In this article we develop a general framework to create survival trees that partition the covariates pace based on the effects of asset of genetic and environmental factors that are of scientific interest while adjusting for possible confounders which are not. Such confounders are numerous in practice and can include age, gender, study site in a multicenter randomized clinical trial, and the principal components of ancestry difference to control for population stratification. We apply this framework to prognostic and interaction survival trees. Here, prognostic survival trees are tree-based methods which generate rules to classify the prognosis of patients by partitioning them based on combinations of covariates; while interaction survival trees generate rules to classify the best treatment choice of patients by partitioning them based on combinations of covariates which have strong interaction with treatment.

Next we will introduce the basic structure of a recursive partitioning algorithm used to create trees. We then define our new splitting rules, pruning algorithm, and a method to choose the final tree. Extensive simulations are the presented to evaluate the performance of our innovative methods under several scenarios, including the high dimensional covariate space commonly found in personalized medicine. An application of our methods to a randomized clinical is performed, showing its significant clinical relevance. We then close with a discussion on the practical use and implementation of our methods, as well as on areas of further research.

Methods

Algorithm overview

Tree based models are created using a recursive partitioning algorithm. These algorithms usually consist of three parts: a splitting rule, a pruning algorithm, and a method for selecting the final tree. The splitting rule partitions the covariates pace ? into many groups. It is applied recursively until there are very few observations in each group, or a pre-specified maximal number of groups are created [2]. This partition can be represented as a tree T, with terminal nodes | T  ̃ | [email protected]@[email protected]@+=feaaguart1ev2aaatCvAUfeBSjuyZL2yd9gzLbvyNv2CaerbuLwBLnhiov2DGi1BTfMBaeXatLxBI9gBaerbd9wDYLwzYbItLDharqqtubsr4rNCHbGeaGqiVu0Je9sqqrpepC0xbbL8F4rqqrFfpeea0xe9Lq=Jc9vqaqpepm0xbba9pwe9Q8fs0=yqaqpepae9pg0FirpepeKkFr0xfr=xfr=xb9adbaqaaeGaciGaaiaabeqaamaabaabaaG[email protected][email protected] corresponding to the partition of the covariate space ? into | T  ̃ | [email protected]@[email protected]@+=feaaguart1ev2aaatCvAUfeBSjuyZL2yd9gzLbvyNv2CaerbuLwBLnhiov2DGi1BTfMBaeXatLxBI9gBaerbd9wDYLwzYbItLDharqqtubsr4rNCHbGeaGqiVu0Je9sqqrpepC0xbbL8F4rqqrFfpeea0xe9Lq=Jc9vqaqpepm0xbba9pwe9Q8fs0=yqaqpepae9pg0FirpepeKkFr0xfr=xfr=xb9adbaqaaeGaciGaaiaabeqaamaabaabaaG[email protected][email protected] subsets. This large tree usually over fits the data and will perform poorly out-of-sample. Thus a sub tree is chosen as the final tree. The space of all possible sub trees is large, and a pruning algorithm is used to efficiently search this space and find the optimal sub trees. The final sub tree is then selected either using a test set or a resampling technique [16].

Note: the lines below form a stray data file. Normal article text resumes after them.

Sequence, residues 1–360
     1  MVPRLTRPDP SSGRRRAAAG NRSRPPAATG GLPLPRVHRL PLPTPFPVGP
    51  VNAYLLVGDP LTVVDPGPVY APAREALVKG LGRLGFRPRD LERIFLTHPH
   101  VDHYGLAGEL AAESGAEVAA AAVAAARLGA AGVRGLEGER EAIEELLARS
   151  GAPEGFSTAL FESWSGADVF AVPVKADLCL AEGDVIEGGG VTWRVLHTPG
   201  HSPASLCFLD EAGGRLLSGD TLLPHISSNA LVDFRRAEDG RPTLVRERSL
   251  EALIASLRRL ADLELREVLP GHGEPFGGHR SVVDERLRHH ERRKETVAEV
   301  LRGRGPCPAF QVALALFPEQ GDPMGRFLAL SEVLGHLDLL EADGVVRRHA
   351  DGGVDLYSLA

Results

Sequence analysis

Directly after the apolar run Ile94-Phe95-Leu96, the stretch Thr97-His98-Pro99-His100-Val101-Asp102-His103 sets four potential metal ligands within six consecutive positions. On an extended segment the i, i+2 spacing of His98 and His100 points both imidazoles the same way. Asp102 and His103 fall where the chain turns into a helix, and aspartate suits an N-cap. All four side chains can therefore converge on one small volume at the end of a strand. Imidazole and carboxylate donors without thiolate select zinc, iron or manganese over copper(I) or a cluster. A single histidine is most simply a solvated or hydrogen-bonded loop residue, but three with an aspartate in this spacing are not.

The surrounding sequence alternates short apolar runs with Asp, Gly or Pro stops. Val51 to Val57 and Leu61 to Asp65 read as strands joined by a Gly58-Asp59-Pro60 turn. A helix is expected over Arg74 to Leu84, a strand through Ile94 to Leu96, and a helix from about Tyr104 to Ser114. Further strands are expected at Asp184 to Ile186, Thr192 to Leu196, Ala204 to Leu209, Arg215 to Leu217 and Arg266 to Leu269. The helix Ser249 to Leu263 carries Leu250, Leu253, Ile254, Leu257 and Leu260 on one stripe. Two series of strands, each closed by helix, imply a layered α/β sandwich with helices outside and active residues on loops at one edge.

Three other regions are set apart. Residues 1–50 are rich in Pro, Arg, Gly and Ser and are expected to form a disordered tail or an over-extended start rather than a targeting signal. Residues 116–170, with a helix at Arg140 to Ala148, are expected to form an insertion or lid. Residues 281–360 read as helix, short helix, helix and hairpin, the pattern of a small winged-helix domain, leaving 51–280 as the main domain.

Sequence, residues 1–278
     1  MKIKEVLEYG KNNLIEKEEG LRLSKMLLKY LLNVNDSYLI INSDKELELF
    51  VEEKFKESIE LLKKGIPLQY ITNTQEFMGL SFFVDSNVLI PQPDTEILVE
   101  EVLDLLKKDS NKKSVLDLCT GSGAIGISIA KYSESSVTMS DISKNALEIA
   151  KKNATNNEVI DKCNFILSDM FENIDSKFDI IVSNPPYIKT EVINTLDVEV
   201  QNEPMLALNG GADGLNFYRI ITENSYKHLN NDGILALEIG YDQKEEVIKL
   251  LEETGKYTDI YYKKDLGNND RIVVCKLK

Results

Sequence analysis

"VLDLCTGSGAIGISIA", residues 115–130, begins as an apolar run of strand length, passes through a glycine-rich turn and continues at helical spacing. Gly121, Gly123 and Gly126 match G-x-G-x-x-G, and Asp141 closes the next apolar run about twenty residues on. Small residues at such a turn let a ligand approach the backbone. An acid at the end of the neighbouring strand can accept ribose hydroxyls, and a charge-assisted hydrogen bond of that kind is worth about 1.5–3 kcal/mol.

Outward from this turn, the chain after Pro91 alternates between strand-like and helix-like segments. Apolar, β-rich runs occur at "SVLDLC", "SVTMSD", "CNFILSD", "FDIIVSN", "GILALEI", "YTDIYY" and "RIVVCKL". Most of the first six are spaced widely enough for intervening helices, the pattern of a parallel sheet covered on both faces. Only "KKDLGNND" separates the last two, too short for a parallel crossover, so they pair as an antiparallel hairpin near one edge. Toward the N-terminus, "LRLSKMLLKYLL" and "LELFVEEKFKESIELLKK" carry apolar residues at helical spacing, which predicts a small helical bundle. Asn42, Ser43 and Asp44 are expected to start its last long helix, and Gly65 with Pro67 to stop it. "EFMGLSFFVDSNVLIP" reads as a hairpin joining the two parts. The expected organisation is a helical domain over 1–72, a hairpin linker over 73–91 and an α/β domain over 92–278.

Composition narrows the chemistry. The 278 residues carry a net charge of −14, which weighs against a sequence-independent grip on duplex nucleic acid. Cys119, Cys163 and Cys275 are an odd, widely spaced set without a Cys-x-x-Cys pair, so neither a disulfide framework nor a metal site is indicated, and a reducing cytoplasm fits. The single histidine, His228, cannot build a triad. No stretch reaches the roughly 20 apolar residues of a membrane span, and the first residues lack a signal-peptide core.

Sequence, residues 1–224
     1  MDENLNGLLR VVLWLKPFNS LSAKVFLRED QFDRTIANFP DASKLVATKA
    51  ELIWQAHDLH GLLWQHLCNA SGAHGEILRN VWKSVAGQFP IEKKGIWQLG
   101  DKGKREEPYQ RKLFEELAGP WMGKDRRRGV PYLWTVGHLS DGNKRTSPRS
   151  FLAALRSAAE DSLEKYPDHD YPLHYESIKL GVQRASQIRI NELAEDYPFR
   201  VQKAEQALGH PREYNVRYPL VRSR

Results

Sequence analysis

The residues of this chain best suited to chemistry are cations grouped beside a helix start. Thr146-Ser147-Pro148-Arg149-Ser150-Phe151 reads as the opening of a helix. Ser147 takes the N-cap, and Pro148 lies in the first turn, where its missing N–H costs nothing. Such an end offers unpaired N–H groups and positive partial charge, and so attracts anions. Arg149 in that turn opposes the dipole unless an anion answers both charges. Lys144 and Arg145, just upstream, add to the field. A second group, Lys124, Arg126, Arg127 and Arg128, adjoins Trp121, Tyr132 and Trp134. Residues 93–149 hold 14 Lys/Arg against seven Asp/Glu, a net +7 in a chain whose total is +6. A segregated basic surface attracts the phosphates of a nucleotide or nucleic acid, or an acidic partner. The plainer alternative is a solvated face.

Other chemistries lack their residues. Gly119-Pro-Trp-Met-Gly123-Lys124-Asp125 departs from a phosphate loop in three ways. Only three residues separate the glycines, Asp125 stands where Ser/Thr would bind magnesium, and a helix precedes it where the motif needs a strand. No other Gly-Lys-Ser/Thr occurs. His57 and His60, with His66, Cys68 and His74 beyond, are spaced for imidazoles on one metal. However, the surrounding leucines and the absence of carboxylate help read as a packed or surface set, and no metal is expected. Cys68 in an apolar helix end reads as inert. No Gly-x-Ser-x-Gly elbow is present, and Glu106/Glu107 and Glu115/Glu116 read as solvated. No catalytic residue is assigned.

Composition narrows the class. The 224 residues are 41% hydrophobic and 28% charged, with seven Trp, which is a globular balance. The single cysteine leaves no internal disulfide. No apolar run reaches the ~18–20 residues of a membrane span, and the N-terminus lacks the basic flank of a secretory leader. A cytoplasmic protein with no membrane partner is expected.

Splitting

For simplicity, in this paper, we only consider the case of making binary splits to single covariates. A potential splits of a covariate c can then be characterized as follows. If c is binary, then s is the trivial partition of c. If c is continuous or ordinal, s can be any binary partition of c such that all elements in one partition are less than those in the other. If c is categorical then s can be any binary partition of the levels of c.

To partition a node h, find the splits such that some measure of improvement G(s,h) is maximized.

G=( s * ,h)= max s S h G(s,h) [email protected]@[email protected]@+=feaaguart1ev2aqatCvAUfeBSjuyZL2yd9gzLbvyNv2CaerbuLwBLnhiov2DGi1BTfMBaeXatLxBI9gBaerbd9wDYLwzYbItLDharqqtubsr4rNCHbGeaGqiVu0Je9sqqrpepC0xbbL8F4rqqrFfpeea0xe9Lq=Jc9vqaqpepm0xbba9pwe9Q8fs0=yqaqpepae9pg0FirpepeKkFr0xfr=xfr=xb9adbaqaaeGaciGaaiaabeqaamaabaabaaGcbaGaam4raiabg2da9iaacIcacaWGZbWaaWbaaSqabeaacaGGQaaaaOGaaiilaiaadIgacaGGPaGaeyypa0ZaaCbeaeaaciGGTbGaaiyyaiaacIhaaSqaaiaadohacqGHiiIZcaWGtbWaaSbaaWqaa[email protected][email protected]

where Sh is the set of all binary splits that can be made at node h. If there is more than one terminal node to partition, then find the best splits * for each h∈H and split the node with the maximal improvement. In the case of ties randomly select one of the splits with maximal improvement.

Recall the standard survival data set-up with data for observation i of the form (yi,xii) where xi is the covariate vector for observation i and survival time yi is censored if δi= 0 and an event if δi= 1. The Cox model assumes that